The front page of the April 26, 1978, Pasco Times is dominated by Dick Kelton's firing. And you thought John Gallagher had always been county administrator.
The same commissioners who dispatched Kelton are pictured again at the bottom of the page, dedicating the new bridge on Rowan Road. They're also discussing something called "the U.S. 19 Bypass,'' which today is Little Road.
We dragged out the old bound volumes the other day and delighted in the history lesson. Green fees at the Gulf Harbors golf course were $3. A new two-bedroom house in Port Richey with wall-to-wall carpeting cost $22,500.
But this wasn't just a fun exercise in nostalgia. We were searching for survivors.
A few days earlier, an investigator for an international probate research company had called asking for help locating possible heirs to property in Germany. Jeannie Frankovitz with W.C. Cox & Co. was searching for relatives of a man who died in Zephyrhills on April 24, 1978.
More than three decades later, one of this man's relatives might be in line for some unclaimed riches. And if W.C. Cox & Co. were to find them, it might get a percentage.
The Pasco Times published eight obituaries on April 26, including that of Adam Stauch, 79. He was born in Germany, and moved to Zephyrhills in 1962 after retiring as a roofer in Springfield, N.J. He had two daughters: Marie Stauch and Elsie Grasso.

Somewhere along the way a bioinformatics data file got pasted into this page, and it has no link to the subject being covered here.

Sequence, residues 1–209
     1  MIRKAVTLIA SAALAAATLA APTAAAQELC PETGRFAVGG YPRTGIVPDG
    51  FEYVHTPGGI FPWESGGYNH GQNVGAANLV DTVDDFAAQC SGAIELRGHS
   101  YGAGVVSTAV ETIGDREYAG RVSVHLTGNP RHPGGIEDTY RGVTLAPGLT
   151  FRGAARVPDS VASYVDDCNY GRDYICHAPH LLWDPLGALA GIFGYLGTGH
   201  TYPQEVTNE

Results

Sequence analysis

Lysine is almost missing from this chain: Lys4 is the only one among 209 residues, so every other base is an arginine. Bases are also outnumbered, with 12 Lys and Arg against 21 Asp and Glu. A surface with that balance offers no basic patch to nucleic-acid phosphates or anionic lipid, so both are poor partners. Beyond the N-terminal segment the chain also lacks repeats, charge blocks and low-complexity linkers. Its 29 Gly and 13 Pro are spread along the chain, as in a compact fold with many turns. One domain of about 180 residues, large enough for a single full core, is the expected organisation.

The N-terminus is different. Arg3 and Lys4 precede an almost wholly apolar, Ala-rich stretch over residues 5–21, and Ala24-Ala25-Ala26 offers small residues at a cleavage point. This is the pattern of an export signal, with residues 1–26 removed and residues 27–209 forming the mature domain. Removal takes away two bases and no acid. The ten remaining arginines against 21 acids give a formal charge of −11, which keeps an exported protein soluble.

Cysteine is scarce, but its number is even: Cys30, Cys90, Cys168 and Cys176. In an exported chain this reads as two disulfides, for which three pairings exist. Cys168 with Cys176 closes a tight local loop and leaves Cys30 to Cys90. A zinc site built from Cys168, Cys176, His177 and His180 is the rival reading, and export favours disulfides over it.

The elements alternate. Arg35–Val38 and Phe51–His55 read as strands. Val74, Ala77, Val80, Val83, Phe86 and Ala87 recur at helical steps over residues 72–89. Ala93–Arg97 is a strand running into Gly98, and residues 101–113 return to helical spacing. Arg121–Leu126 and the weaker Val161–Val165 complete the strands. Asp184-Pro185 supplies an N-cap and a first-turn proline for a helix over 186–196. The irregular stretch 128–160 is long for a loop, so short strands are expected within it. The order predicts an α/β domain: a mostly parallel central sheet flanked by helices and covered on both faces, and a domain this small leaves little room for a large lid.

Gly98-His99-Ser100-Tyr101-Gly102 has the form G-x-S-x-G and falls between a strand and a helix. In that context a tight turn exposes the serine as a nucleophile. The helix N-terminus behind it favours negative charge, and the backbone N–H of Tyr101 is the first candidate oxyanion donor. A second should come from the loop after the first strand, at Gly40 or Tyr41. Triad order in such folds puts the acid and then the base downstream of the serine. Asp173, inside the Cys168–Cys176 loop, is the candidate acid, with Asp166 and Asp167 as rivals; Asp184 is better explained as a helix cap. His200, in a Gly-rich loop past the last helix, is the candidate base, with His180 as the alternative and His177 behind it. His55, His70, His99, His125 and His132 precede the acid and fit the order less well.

We have some amazing researchers at the Times, and it took Shirl Kennedy only a few minutes to find an Elsie Grasso in Parlin, N.J.
She answered the phone in a clear, strong voice. "Yes, my father was from Germany,'' she said. "But that was a long time ago. I can't imagine that he had any property there.''
Adam Stauch grew up near Stuttgart and fought in the German army in World War I. He suffered three bullet wounds in one arm. After the war, he moved with his wife, Marie, to New Jersey, but his wounds did not heal properly. Doctors wanted to amputate his arm, so he returned to Germany to consult the doctor who had treated him earlier.
The Stauchs didn't know when they set sail from New York harbor that Marie was pregnant. Elsie was born in Plattenhardt, Germany on April 16, 1926. Adam received his treatment and returned to the U.S. with both arms intact.
"But he always had trouble with the one arm,'' Mrs. Grasso said. "I can remember the three bullet holes. You could put your finger in them.''
The Stauchs had a second daughter three years after Elsie. She was named for her mother. Today, that daughter is in a nursing home in New Jersey, so her older sister is left to figure out all the paperwork from W.C. Cox & Co.
"I thought I was still sharp till I started wading through all this,'' she said.
On its Web site, W.C. Cox notes that settling European estates often requires lengthy genealogical searches because many families lost contact with members who immigrated to the United States.
As it turns out, this particular estate apparently belonged to Katherine Steck, Mrs. Grasso's great aunt on her mother's side. The discovery is exciting to Mrs. Grasso, who worked for years as a bookkeeper for a law firm in Perth Amboy, N.J. She's been widowed for 20 years. Her daughter lives nearby, but Mrs. Grasso isn't quite ready to share the news.
"I don't want to get her hopes up,'' she said.